+21 million

fatman, you really ought to reconsider throwing your weight behind blocksize hard forks, it makes you look like a massive shill for R3CEV


weight? what weight??!
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February 03, 2016, 01:52:55 PM
 #511

fatman, you really ought to reconsider throwing your weight behind blocksize hard forks, it makes you look like a massive shill for R3CEV


weight? what weight??!

I'm assuming that "3001" refers to what the bathroom scales tell him  Cheesy

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February 03, 2016, 02:53:55 PM
Last edit: February 03, 2016, 05:41:36 PM by Fatman3001
 #512

And what do you think of this?  Does it look like economic activity or spam to you?  If you follow the transactions, you see they are just spending fees to send very small amounts (0.0001 BTC) in circles.

This won't decrease, no matter how much block space you throw at it.  Larger blocks will only make room for more transactions of this kind.  You could have gigabytes of block space, and there will always be another spammer spending a few bitcents on fees to "prove" it is not enough, claiming that "bitcoin is dead" and arguing for centralization, control and censorship.
So the answer is: NO
Please answer my question above.  I think it shows very clearly how large the spam problem is by one example, showing just a small part of this spammers transactions on the blockchain.  How would larger blocks solve this problem?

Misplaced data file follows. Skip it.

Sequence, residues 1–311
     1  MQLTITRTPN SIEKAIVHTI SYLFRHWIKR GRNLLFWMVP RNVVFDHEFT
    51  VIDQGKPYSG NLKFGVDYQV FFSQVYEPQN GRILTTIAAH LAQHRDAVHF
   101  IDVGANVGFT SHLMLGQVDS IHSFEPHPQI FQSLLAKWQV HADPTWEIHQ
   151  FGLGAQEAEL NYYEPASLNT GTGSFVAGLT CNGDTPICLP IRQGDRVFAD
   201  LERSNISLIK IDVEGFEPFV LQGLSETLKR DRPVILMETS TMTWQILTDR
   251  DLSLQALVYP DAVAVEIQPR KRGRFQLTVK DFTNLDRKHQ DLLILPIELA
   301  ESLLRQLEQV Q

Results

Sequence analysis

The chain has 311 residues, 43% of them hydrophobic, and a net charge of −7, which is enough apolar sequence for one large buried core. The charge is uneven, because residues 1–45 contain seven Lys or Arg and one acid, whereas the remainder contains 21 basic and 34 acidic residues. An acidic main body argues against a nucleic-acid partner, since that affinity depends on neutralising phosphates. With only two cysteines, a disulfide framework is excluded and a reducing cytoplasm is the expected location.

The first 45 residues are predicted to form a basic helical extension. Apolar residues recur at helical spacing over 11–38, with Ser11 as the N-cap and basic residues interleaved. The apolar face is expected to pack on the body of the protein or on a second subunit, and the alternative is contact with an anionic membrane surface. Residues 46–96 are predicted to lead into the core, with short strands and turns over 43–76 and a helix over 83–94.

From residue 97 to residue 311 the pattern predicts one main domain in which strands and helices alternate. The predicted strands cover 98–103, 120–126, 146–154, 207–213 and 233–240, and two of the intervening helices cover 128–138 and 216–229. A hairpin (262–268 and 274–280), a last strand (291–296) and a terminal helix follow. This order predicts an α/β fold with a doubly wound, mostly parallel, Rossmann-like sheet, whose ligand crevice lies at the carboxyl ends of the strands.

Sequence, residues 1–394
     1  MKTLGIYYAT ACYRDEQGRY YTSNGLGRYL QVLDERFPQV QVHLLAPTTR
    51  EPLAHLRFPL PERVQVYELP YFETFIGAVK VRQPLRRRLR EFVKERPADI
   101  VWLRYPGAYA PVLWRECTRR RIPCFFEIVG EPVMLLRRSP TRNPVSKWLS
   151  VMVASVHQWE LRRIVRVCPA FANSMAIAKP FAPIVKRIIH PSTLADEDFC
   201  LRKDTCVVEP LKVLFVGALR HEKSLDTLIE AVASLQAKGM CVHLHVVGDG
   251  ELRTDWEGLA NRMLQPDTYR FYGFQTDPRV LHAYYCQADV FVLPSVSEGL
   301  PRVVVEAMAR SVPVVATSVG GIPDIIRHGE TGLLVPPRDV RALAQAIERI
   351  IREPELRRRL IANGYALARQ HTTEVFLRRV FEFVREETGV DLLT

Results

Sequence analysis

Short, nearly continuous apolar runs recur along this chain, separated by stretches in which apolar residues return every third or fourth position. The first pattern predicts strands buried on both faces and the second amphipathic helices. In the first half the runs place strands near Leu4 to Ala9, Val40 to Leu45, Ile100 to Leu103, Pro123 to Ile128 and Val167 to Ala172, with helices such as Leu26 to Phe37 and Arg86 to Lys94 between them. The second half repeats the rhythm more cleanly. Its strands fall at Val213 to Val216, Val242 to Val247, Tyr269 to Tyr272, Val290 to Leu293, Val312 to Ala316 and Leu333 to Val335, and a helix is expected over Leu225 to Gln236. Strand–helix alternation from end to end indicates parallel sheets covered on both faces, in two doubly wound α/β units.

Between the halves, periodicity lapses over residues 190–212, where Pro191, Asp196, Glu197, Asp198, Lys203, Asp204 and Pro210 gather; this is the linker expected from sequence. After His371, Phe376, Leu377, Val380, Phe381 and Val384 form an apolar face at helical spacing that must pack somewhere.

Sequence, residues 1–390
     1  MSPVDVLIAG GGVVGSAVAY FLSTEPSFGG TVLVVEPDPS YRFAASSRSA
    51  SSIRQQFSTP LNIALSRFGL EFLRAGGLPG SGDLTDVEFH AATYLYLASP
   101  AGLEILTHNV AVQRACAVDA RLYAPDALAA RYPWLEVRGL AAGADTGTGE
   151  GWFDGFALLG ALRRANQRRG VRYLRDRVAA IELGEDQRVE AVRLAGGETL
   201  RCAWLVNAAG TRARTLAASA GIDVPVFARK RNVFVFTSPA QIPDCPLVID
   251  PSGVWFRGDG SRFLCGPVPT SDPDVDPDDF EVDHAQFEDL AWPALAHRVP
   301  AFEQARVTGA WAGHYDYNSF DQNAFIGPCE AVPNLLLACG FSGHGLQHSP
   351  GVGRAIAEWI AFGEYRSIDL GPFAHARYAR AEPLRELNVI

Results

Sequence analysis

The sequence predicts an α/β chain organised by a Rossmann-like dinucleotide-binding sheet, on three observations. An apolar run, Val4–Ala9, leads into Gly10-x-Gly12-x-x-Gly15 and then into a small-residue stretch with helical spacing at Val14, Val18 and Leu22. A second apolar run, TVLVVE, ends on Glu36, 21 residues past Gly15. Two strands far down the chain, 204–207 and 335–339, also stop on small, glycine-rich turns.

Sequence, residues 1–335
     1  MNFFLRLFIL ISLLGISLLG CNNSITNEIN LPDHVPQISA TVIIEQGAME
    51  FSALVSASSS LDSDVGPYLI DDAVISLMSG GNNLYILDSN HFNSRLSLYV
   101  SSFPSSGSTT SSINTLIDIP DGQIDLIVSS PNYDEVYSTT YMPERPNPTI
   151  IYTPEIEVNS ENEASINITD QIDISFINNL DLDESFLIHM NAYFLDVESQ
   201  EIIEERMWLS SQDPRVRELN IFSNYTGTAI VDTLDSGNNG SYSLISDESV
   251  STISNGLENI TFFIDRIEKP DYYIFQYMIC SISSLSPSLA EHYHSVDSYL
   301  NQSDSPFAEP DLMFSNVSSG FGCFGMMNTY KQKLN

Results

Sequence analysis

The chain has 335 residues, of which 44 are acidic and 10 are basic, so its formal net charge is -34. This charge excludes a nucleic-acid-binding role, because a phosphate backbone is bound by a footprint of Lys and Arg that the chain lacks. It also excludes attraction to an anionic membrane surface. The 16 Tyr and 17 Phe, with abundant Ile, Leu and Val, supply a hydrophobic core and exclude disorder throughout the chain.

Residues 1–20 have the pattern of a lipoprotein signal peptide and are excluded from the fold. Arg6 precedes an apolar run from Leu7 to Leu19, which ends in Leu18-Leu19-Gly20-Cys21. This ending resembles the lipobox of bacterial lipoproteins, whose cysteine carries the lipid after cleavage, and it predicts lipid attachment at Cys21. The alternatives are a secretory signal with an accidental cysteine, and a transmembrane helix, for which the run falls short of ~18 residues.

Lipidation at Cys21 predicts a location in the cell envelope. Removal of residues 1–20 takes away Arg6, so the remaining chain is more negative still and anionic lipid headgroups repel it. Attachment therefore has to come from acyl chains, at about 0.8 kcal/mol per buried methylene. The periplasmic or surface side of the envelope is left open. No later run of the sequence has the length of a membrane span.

All the transactions I looked at were 373 bytes. Assuming they're all 373 bytes they would amount to 4.4MB since early Nov 2015. This information tells me nothing.
If that tells you nothing, I feel genuinely sorry for you.  You are blind by choice, or someone gave you glasses with coloured glass.  Some people are investing a lot of money in splitting the community, and you won't accept the evidence.  This is a small drop in the ocean of spam.  And it proves my point that spam fills the blocks.  Most of the transactions are unconfirmed, and as soon as they are, the coins are sent on and spent on more spam.  Actually the coins are usually just sent without waiting for a confirmation, creating large trees of unconfirmed transactions.

Keep your eyes on the ball, my reply was in relation to this question :

Quote
Quote
The blocks which are completely full usually contain a lot of dust transactions, i.e. outputs which cost more in fees tp spend than the value of the output, which won't get mined using a default configurations.  Some miners happily prefer those transactions as long as they pay more in fees.  This is abuse, imho.
Do you have any data to back up your claim of the prevalence of dust spam in blocks now?
I can only give examples.

Your example doesn't prove that the blocks are full of spam. It just likely proves that there is spam on the network.

We already agree about that:

Quote
Quote
Of course there is dust spam, there's just nobody who's been able to show any convincing data on the matter. If someone could show me that the average block size without genuinely useless (that would have to be proven too) dust spam was along the lines of 150-200kB I might give it more weight.